The aim is to compare pillow paws (PPs) with sturdy outdoor footwear or sturdy slippers. In this way we hope to gain information on which footwear type is most beneficial to hospital inpatients. A recent similar study infers that sturdy outdoor footwear benefits outpatients, but it is not clear whether the same applies to a hospital inpatient population whom are often frailer with greater co-morbidities (physical and mental) and a higher falls risk.
Hypothesis:Surgical treatment of osteomyelitis in diabetic foot is more effective that medical treatment through antibiotherapy and leads wound healing in ulcers complicated with bone infection.Material and Methods: Randomized clinical trials which include two groups of patients (n=88), one receives medical treatment through antibiotherapy during 90 days and the other group receive conservative surgical treatment and antibiotics during 7 days after surgery. It will be studied differences between both groups in healing time, recidives, present and relationship of adverse events and outflow of quality of life related health .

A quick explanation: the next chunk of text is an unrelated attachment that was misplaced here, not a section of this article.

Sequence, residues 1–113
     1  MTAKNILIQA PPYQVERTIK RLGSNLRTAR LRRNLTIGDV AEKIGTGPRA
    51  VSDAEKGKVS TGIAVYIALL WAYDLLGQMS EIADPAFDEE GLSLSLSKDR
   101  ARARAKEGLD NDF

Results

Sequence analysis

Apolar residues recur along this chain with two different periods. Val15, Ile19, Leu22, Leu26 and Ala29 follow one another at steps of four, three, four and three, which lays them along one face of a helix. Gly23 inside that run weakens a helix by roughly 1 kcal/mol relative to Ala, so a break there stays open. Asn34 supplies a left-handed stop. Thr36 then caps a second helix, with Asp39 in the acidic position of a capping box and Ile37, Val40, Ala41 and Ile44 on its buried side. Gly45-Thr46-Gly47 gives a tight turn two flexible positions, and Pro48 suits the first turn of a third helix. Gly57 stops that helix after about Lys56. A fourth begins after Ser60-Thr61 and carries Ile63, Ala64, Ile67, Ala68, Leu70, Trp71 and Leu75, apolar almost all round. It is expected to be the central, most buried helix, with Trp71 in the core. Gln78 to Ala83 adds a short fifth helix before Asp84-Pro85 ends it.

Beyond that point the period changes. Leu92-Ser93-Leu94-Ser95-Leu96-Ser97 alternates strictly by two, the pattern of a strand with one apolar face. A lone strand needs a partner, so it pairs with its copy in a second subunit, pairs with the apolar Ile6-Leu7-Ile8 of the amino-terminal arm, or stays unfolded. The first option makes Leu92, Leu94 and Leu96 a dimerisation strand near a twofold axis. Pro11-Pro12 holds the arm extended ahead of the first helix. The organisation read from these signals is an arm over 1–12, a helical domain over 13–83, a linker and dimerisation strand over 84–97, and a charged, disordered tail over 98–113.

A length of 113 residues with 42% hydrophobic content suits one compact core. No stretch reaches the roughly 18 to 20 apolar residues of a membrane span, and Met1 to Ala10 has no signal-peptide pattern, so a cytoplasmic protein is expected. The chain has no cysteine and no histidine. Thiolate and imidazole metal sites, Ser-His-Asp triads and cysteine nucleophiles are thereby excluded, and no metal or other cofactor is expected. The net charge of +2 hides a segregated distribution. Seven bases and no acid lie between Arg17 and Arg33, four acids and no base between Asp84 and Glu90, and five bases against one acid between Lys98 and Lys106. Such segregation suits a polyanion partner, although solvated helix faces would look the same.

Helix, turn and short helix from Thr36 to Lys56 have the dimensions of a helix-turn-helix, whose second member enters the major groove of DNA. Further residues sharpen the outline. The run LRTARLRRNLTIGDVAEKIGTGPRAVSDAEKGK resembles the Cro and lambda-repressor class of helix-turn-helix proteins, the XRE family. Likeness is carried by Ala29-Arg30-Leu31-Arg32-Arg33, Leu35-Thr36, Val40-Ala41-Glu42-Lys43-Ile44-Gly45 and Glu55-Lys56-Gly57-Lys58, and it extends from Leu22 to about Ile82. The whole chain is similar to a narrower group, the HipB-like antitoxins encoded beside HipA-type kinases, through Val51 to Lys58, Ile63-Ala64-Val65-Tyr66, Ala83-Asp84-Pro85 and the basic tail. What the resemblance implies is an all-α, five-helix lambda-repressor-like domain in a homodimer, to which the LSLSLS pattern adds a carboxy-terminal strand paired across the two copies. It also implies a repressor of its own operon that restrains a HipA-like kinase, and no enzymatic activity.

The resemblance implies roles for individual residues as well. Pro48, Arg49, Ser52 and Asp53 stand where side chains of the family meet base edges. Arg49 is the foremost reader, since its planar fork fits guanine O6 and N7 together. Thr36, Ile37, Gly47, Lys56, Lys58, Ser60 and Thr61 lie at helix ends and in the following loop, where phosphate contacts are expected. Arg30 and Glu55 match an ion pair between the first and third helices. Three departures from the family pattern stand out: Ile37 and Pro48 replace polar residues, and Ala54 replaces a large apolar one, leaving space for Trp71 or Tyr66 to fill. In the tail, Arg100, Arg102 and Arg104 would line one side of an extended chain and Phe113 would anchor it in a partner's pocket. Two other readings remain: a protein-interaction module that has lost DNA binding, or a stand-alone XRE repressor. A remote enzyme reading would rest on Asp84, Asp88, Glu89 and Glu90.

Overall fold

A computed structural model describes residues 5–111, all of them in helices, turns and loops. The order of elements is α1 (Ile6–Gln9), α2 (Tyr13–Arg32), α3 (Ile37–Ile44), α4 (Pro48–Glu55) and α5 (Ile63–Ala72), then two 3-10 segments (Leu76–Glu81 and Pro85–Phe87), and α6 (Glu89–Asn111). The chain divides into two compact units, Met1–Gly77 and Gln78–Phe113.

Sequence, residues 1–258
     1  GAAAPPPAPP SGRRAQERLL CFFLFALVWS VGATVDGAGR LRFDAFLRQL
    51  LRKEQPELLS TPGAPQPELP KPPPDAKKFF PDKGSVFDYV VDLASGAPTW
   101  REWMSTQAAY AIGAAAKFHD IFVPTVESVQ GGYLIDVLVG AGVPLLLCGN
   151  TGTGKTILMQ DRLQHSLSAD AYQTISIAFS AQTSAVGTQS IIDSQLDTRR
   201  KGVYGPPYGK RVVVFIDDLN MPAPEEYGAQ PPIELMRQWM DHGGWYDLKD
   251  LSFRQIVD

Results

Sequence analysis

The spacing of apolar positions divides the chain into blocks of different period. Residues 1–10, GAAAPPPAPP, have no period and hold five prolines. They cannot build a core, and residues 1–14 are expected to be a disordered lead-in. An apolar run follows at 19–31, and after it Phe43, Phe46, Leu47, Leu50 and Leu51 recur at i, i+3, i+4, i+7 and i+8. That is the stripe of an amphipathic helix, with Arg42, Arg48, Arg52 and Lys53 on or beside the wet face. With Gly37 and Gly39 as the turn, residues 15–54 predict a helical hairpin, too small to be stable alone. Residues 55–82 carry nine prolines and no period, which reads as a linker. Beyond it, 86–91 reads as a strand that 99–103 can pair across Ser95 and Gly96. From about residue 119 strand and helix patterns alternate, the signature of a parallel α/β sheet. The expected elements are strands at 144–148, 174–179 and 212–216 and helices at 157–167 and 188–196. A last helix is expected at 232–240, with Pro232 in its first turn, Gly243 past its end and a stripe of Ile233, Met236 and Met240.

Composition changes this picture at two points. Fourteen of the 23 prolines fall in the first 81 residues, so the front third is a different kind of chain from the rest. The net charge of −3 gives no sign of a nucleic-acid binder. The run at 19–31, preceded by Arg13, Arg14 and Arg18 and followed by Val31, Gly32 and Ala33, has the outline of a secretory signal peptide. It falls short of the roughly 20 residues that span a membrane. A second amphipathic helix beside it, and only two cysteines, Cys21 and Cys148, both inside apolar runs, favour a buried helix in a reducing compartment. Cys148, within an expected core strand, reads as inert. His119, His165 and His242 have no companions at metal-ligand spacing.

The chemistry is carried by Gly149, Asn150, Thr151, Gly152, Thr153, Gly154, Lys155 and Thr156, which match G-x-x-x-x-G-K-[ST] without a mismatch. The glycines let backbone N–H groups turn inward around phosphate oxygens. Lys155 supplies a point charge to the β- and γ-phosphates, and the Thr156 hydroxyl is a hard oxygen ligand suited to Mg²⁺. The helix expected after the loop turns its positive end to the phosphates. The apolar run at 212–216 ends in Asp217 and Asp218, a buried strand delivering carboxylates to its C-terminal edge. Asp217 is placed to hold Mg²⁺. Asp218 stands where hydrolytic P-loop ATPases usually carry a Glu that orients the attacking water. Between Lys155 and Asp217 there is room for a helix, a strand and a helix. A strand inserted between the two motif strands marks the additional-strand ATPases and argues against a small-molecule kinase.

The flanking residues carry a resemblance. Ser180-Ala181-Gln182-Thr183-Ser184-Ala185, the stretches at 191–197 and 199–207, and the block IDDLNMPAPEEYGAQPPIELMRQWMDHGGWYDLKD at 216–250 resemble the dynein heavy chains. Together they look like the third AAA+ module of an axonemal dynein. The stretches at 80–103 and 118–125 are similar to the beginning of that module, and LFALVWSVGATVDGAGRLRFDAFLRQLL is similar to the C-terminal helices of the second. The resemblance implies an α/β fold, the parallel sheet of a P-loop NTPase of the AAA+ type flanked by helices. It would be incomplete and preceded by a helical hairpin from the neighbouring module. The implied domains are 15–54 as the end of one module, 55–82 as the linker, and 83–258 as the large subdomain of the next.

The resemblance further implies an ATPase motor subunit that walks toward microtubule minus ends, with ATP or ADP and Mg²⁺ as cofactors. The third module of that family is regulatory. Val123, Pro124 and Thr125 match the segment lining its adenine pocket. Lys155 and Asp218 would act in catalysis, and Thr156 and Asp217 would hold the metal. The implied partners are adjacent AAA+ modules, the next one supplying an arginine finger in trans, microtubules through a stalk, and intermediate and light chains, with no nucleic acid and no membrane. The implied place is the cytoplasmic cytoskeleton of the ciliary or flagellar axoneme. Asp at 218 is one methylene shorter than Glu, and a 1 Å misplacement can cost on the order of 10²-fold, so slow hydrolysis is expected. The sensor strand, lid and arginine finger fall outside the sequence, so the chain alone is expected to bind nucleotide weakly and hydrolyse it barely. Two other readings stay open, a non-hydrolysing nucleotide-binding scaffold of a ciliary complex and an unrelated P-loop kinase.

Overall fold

This study compares two standard methods for cleaning the surface of wounds on the feet of patients with diabetes mellitus. The question being asked is whether inflammation of the wound affects the ability of one or both of the methods to work.
The purpose of this study is to assess the effect of four weeks of treatment with Santyl Ointment, compared to White Petrolatum, on the change from baseline in wound area of diabetic foot ulcers over four weeks, and on the proportion of subjects achieving complete wound closure within 12 weeks from initiation of treatment.